Fyodor Dostoyevsky

Fyodor Dostoyevsky

About Fyodor Dostoyevsky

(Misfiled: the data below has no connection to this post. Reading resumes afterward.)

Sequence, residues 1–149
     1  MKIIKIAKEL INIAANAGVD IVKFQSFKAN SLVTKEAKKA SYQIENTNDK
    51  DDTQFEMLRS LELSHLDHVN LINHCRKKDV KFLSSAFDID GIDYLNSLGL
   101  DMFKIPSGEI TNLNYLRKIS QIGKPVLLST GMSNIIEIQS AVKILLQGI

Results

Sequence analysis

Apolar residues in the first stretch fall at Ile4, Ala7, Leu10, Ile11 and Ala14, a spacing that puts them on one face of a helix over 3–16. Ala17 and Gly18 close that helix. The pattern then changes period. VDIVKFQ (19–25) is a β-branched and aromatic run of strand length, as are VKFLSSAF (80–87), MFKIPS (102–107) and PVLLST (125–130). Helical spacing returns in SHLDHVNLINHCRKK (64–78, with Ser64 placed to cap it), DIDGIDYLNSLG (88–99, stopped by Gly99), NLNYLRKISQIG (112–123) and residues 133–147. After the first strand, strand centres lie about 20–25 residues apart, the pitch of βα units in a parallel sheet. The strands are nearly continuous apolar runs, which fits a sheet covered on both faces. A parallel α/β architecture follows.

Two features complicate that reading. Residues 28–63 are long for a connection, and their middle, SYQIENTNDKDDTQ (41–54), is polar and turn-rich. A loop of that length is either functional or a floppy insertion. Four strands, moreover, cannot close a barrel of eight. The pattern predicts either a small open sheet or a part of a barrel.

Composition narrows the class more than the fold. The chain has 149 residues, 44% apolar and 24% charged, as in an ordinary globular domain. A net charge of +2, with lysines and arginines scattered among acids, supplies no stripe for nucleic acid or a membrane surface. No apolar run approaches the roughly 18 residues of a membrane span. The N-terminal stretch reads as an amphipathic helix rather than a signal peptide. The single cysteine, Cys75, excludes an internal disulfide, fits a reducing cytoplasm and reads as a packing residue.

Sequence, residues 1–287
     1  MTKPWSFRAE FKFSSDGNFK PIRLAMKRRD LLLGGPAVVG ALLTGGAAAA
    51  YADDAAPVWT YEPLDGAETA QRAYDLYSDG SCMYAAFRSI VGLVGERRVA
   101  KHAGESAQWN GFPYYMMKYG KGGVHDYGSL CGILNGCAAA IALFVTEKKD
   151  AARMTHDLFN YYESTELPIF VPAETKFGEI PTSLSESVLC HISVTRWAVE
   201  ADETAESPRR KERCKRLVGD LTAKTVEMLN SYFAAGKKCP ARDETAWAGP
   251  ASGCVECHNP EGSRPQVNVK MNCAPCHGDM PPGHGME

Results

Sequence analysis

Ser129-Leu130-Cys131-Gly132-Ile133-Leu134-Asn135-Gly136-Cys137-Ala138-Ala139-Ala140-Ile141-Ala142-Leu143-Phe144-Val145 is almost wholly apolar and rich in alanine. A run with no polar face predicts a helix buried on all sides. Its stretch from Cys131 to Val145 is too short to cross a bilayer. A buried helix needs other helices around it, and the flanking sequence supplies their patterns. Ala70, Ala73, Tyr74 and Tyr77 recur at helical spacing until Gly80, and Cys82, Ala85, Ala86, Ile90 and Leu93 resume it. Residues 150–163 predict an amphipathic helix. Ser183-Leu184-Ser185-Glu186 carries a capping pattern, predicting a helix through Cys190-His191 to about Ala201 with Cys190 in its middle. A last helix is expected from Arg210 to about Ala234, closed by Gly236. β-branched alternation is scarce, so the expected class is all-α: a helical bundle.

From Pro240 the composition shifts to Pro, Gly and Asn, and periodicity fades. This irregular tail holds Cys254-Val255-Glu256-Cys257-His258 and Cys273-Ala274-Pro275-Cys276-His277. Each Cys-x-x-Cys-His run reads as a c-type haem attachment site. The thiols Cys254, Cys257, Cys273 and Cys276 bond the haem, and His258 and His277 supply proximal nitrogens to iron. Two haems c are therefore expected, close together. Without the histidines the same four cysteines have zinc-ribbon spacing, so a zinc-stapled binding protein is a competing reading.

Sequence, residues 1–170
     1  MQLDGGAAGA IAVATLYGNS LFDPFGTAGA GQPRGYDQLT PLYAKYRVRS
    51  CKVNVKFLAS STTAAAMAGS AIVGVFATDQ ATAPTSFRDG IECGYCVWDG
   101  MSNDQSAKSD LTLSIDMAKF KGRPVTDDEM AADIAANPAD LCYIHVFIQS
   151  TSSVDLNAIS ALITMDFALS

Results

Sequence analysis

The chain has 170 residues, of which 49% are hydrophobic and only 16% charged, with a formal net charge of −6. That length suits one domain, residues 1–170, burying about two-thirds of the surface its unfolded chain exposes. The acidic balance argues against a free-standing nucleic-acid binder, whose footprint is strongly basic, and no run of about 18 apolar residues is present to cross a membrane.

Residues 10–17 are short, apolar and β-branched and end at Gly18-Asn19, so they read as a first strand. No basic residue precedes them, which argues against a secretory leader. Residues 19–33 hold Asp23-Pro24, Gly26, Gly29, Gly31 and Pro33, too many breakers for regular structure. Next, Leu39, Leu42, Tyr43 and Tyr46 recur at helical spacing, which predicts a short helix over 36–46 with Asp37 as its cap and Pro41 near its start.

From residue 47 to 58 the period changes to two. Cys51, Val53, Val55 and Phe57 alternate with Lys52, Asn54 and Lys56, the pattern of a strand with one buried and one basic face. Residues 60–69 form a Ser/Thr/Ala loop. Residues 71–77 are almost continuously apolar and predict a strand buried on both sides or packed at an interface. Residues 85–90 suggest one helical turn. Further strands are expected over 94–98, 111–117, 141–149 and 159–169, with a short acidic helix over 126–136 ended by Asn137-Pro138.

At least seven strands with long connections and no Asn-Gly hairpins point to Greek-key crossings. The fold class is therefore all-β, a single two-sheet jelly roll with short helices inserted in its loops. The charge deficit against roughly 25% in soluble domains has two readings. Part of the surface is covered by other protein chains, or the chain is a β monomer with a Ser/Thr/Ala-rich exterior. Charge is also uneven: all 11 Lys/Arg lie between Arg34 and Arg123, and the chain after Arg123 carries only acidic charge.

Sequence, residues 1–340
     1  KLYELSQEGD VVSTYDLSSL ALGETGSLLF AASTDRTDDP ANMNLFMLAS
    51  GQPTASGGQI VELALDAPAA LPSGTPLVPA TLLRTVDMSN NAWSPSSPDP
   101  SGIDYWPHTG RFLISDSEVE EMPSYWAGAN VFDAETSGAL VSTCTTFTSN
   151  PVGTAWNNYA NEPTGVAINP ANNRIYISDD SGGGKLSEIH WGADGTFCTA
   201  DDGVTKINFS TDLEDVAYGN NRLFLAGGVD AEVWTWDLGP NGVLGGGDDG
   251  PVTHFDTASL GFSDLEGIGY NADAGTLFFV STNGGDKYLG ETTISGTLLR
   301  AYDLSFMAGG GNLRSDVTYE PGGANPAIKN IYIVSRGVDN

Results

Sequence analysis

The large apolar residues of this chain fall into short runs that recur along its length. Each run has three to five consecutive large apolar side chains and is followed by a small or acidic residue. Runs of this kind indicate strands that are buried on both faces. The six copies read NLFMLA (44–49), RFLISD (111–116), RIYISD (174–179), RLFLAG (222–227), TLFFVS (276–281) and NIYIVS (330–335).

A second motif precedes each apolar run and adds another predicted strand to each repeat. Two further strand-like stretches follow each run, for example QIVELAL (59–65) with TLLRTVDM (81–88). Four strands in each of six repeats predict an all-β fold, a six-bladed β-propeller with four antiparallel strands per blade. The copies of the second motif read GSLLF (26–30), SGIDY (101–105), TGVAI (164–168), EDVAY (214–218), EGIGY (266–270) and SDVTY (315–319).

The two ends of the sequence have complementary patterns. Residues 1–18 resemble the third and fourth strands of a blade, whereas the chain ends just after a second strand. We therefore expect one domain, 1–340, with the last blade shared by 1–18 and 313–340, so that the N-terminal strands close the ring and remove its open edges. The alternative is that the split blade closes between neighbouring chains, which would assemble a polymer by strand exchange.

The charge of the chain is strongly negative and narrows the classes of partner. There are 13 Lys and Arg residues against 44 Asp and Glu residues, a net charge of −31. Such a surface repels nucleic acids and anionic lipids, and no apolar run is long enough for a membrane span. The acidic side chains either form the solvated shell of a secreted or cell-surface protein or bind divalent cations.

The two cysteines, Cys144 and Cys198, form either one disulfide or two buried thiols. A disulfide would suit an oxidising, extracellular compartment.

Fyodor Mikhailovich Dostoyevsky (11 November 1821--9 February 1881) sometimes transliterated Dostoevsky, was a Russian writer of novels, short stories and essays. Dostoyevsky's literary works explore human psychology in the troubled political, social and spiritual context of 19th-century Russia. Although Dostoyevsky began writing books in the mid-1850s, his most remembered work are from his last years, including Crime and Punishment, The Idiot and The Brothers Karamazov. He wrote eleven novels, three novellas, seventeen short novels and three essays, and is often acknowledged by critics as one of the greatest and most prominent psychologists in world literature. Dostoyevsky was born and raised on the grounds of the Mariinsky hospital in Moscow, Russia. At an early age he was introduced to English, French, German and Russian literature, as well as to fairy tales and legends.

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